Queenstown buzz: making honey in NZ’s adventure capital

Want a buzz that lasts longer than a bungee jump? Try beekeeping – it might just change the way you see the world.

Bees approaching a hive
  • Jetstar
  • April 2019

I am suddenly realising how little I know about honey, let alone bees, yet here I am bottling my own syrupy concoction using a blowtorch to carefully melt it off the wax honeycomb.

In a converted woolshed on the outskirts of Queenstown, I’ve spun the honey to 35ºC, poured it into a jar, then used the leftover beeswax to make my very first candle. This is all totally new to me, a hands-on experience that’s humbling and enlightening: who knew so much went into getting honey from a bee to my toast?

This crash course comes courtesy of the Buzzstop Honey Centre, the ingenious creation of fifth-generation beekeeper Nick Cameron who opened his bee-and-honey mecca just north of Queenstown in June.


Buzzstop not only holds the largest selection of honeys anywhere in New Zealand but offers unique activities like bottling and spinning your own honey, DIY beeswax craft-making and even donning protective suits to play beekeeper.

Nick’s done all of this to drive home the importance of bees in our world. These tiny creatures are the most common pollinators of all plants, from food to flowers to trees, yet they’re disappearing rapidly due to habitat loss, caused reportedly by pesticides and climate change. Losing them would be catastrophic.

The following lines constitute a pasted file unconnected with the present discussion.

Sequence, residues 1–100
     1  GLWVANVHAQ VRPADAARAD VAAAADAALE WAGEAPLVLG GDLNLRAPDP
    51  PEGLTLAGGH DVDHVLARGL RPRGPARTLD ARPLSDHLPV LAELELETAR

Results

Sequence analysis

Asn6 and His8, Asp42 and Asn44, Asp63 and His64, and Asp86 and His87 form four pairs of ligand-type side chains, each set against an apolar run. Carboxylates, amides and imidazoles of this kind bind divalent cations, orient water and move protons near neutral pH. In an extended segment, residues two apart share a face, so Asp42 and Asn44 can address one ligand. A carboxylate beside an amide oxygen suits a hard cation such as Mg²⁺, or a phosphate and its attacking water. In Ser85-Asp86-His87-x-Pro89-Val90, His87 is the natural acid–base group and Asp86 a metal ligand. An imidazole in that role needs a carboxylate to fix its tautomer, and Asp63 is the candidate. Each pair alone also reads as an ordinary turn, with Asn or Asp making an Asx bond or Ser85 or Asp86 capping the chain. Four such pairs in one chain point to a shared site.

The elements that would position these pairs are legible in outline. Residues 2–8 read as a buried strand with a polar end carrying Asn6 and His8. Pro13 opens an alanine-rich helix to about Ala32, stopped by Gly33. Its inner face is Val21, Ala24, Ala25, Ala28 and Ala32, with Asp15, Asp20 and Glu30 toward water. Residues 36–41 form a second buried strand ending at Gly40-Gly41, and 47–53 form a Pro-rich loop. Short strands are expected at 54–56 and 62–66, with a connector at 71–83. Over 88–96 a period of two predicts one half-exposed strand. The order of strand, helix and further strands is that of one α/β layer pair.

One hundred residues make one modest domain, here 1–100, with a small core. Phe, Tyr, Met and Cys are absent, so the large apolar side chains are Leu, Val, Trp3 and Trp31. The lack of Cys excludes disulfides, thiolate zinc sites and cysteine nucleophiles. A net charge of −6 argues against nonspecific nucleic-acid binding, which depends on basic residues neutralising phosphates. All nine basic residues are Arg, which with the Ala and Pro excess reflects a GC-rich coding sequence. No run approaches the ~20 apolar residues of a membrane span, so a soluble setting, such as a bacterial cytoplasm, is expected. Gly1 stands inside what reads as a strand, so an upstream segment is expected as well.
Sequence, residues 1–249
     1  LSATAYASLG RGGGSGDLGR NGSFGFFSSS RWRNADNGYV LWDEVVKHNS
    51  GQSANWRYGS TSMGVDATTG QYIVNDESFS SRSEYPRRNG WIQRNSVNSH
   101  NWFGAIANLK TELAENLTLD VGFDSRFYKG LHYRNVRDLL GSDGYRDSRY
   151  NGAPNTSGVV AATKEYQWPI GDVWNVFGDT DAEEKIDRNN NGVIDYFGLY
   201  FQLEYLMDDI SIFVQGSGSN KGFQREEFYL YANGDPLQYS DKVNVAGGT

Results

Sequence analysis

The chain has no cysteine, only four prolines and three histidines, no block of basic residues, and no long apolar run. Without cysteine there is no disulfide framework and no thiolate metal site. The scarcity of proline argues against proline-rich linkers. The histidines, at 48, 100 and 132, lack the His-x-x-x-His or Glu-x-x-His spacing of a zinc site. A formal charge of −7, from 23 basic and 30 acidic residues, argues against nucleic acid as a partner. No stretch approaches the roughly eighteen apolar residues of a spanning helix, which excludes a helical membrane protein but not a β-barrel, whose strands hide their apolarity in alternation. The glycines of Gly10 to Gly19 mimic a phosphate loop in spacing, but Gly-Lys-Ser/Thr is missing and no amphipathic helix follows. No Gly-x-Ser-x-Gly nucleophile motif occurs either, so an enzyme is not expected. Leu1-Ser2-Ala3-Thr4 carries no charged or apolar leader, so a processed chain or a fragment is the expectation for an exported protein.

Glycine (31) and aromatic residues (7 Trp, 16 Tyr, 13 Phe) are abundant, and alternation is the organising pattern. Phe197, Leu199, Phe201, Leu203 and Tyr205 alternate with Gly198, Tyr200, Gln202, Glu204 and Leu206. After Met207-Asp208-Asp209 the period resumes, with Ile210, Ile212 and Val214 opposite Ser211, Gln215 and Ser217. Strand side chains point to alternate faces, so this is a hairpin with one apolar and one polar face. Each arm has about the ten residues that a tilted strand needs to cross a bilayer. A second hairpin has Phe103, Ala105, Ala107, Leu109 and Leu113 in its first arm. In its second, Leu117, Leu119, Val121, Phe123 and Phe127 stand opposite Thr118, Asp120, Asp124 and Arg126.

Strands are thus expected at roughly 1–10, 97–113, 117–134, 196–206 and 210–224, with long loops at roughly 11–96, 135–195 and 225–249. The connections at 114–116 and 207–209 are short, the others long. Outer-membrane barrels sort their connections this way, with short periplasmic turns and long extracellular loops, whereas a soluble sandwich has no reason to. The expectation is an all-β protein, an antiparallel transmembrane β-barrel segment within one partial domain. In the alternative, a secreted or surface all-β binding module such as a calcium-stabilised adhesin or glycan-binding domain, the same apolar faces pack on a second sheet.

Nick has us enthralled from the get-go, preceding the honey spinning and bottling with a highly entertaining summary of life as a bee. “The males do basically nothing,” he explains. “Then at the end of the honey-making period, they are marched out of the hive to die in the cold.” As for the females, they fly the equivalent of four times around the world to produce one kilogram of honey, and while the queen bee rules the roost for up to five years, when her progeny deem her too old, Nick says she is surrounded, stung to death and ripped apart. “So it’s like what happened to Julius Caesar,” one visitor observes. Nick can’t help but agree.


It’s less Roman castles and more rustic chic here though. Nondescript on the outside, inside are the original 70-year-old woolshed’s timbers complemented by modern tables, shelves of honey and lounges. There’s even the odd bee flying around, as the hives are just outside. As I sip rich, dark coffee from local roasters Roar in the cosy on-site café, Nick has us taste some of the country’s rarest and most special honeys.